Heroes of the Zeroes is Nick Rogers’ daily, alphabetical look back at the 365 best films of 2000 to 2009.
“Mahhhhh-ning, Jaaaaaackie,” presidential aide Kenny O’Donnell (Kevin Costner) says in a Bah-stin accent in 2000’s Cuban missile crisis biopic Thirteen Days.
Costner sounds like a remedial speech-therapy patient, but when doesn’t he sound that way affecting a patois? And as Jack and Bobby Kennedy, respectively, Bruce Greenwood and Robert Culp have their own cottony Mayor Quimby moments.
Whenever accents flared like pesky hemorrhoids, director Roger Donaldson quickly applied ointment. He seized on the doubts of those influencing a response to Soviet warheads in Cuba pointed at America in 1962 and let the pressures of keeping home-front appearances bubble to the forefront of Costner, Greenwood and Culp’s turns.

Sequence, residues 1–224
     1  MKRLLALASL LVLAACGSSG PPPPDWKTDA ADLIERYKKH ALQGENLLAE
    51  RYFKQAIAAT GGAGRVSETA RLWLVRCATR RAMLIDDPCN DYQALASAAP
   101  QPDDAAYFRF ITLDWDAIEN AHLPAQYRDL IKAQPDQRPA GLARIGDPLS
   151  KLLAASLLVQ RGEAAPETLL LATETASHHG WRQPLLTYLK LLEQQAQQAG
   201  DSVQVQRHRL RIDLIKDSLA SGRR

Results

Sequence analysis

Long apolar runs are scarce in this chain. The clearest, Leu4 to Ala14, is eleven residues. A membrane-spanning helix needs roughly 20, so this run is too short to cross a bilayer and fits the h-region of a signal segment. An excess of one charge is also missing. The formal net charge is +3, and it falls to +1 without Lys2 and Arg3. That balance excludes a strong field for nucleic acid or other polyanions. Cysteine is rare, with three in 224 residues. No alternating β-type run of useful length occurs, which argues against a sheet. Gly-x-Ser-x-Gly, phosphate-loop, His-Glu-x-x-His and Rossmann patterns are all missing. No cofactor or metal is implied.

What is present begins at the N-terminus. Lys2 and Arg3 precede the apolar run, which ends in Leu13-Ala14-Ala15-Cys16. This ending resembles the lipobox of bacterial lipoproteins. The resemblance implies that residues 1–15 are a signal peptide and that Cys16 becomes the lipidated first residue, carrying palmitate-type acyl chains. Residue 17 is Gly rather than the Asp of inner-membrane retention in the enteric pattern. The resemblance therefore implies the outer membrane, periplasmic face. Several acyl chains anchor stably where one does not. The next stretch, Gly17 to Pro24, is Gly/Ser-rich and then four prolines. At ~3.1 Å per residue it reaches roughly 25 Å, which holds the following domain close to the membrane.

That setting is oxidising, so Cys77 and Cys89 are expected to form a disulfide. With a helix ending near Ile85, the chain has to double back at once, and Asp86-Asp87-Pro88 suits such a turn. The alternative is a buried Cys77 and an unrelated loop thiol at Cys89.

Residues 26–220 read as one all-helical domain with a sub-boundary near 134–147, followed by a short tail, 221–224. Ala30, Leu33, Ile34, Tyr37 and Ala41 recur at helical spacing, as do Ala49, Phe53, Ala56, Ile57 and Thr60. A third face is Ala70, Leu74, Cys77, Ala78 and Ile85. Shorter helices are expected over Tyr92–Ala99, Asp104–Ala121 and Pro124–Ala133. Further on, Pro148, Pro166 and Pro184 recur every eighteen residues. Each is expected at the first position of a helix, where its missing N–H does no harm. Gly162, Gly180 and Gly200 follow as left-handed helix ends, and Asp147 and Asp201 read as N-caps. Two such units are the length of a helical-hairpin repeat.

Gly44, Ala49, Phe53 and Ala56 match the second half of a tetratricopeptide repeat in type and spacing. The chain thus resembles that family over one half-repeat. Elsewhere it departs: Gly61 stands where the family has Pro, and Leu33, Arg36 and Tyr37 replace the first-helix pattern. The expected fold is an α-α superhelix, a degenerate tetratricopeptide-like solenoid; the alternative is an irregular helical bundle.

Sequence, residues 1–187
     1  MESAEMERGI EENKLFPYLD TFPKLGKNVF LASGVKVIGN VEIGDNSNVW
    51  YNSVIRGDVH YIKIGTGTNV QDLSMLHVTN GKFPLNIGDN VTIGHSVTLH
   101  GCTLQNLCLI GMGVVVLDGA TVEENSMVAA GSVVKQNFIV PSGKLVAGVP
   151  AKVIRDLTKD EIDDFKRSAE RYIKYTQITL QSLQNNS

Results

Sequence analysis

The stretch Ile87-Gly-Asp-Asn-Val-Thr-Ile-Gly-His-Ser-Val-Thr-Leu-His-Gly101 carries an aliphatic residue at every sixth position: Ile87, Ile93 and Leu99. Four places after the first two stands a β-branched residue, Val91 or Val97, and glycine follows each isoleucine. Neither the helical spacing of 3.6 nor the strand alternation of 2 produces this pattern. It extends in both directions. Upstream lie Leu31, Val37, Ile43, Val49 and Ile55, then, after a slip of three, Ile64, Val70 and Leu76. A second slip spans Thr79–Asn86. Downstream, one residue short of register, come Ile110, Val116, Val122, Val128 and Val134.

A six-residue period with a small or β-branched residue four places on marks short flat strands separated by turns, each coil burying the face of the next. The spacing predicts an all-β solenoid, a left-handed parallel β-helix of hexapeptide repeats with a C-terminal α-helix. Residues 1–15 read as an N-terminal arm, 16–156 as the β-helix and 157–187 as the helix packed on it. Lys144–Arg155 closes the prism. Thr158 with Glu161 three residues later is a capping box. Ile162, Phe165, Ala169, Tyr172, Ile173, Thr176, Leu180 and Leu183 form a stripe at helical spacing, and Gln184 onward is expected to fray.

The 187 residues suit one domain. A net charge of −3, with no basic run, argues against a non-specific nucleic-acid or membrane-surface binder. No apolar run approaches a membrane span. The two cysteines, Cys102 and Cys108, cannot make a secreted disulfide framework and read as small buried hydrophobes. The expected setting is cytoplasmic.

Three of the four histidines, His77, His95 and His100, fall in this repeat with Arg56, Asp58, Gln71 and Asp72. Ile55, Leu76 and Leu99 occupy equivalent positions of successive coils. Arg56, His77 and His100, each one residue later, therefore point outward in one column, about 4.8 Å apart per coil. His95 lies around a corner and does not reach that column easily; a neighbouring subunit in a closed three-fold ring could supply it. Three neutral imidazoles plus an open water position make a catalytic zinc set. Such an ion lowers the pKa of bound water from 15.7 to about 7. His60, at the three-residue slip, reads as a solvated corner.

As Murphy’s Law is pushed to political breaking points and spin doctors’ bedside manners are tested, Donaldson needles Days into classic Social Studies drama — wringing situational suspense and character conflict from a historical scenario to which we know the ending. (Spoiler alert: The world’s still here.)
Much of Days finds politicians huddled in situation rooms to debate hawk or dove policy — neither side entirely wrong, but clashing for compromise.
At times, it’s like an on-set table read, but it never feels inert, and Donaldson opens Days up when possible — an airborne-reconnaissance mission gone awry and Adlai Stevenson’s stick-and-move number on the Soviets at the United Nations.
Days terrifically evinces those days’ timorous uncertainty of whether Red dread over ending the world matched Yankee angst. The knowing glances at its conclusion speak volumes: The planet’s lucky break had only to do with random chance.